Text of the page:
The AKG K340 is a one of a kind headphone produced by AKG that employs two drivers system: Electrostatic and Dynamic in one cans. This was a top-level cans back when it was produced. Selling for $300 in the 1980s. The headphone is highly innefficient, requiring only the most powerful kind of desktop headphone amplifiers, and definitely more suitable driven by a speaker amplifier. The now discontinued K340 had several versions while it was produced. The exterior is the same, but you will notice the difference once you plug in the headphones, and/or by dissecting the headphone and seeing the colour of the driver.
The K340 is one of the hardest headphones to drive, second only to the K1000. Ideally, you would plug these in to a speaker amp, but having experienced driving headphones with some speaker amps, I find that while powerful, they don’t have the refinement in sound that headphone amps have. Thus for this review we will stick to using the Beta 22 amplifier. On a gain 8 Beta 22 (Single ended), playing classical recordings out of a desktop CD Player, the volume is on 1 O’clock position. Quite heavy indeed.
If you know that this phone was sold at $300 in 1980, then you would immediately realize that in today’s money, it would outclass today’s top-of-the line AKG, the K701/K702. Indeed the K340 have highs, instrument separation, and speed that the K701 can only dream of. While the K701 is a regular open-design phone with dynamic driver, the K340 employs an electret driver for the high frequencies, a dynamic driver for the lower frequencies, and six passive radiator technology like in the K240 Sextett. I’ve listened to the K340 before, and I thought the sound is very thin and doesn’t offer much musicality. However for this review, I am listening to the Bass Heavy Version, and now that we have the bass back, we can start listening to music.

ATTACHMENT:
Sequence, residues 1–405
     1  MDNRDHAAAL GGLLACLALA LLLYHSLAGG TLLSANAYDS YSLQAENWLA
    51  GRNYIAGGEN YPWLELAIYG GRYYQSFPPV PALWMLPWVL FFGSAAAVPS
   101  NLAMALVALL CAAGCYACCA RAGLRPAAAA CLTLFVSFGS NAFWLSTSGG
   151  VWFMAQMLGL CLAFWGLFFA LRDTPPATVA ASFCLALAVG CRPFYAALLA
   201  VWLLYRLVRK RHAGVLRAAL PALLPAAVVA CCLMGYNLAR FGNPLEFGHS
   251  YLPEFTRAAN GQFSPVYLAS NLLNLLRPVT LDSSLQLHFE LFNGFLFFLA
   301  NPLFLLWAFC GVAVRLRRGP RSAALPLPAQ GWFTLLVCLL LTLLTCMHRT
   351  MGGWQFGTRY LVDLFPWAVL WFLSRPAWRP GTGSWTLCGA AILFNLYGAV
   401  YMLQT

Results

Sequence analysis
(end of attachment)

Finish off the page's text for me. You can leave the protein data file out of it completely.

The K340 Bass Heavy Version is actually not a bassy phone, as the name might suggest. The reason that it is called Bass Heavy Version is because most K340s tend to be very light in their sound signature, lacking body and bottom frequency. The Bass Heavy Version, however, is what I would call a neutral phone. Something along the line of Sennheiser HD600 and Grado HP1000. It’s neutrality isn’t really everybody’s flavor, and people suggests pairing the K340 with tube amplifiers to add body and musicality. As amazed as I am listening to Beethoven’s Symphonies on the K340 & the Beta 22 amplifier, I know that Norah Jones isn’t going to work as well with this combination.
The high frequencies, coming out of the electret driver, trumps anything that the HD650, the K701, and the MS-Pro can produce. The strings section on an orchestra sounded sublime on the K340. Not only do you get speed and detail, but its treble is so refined without a hint of harshness and shrillness. Although the K340’s soundstage is nothing to brag about, it is instrument separation that really shines on the K340. No dynamic cans below the $1000 mark can touch the K340 on instrument separation.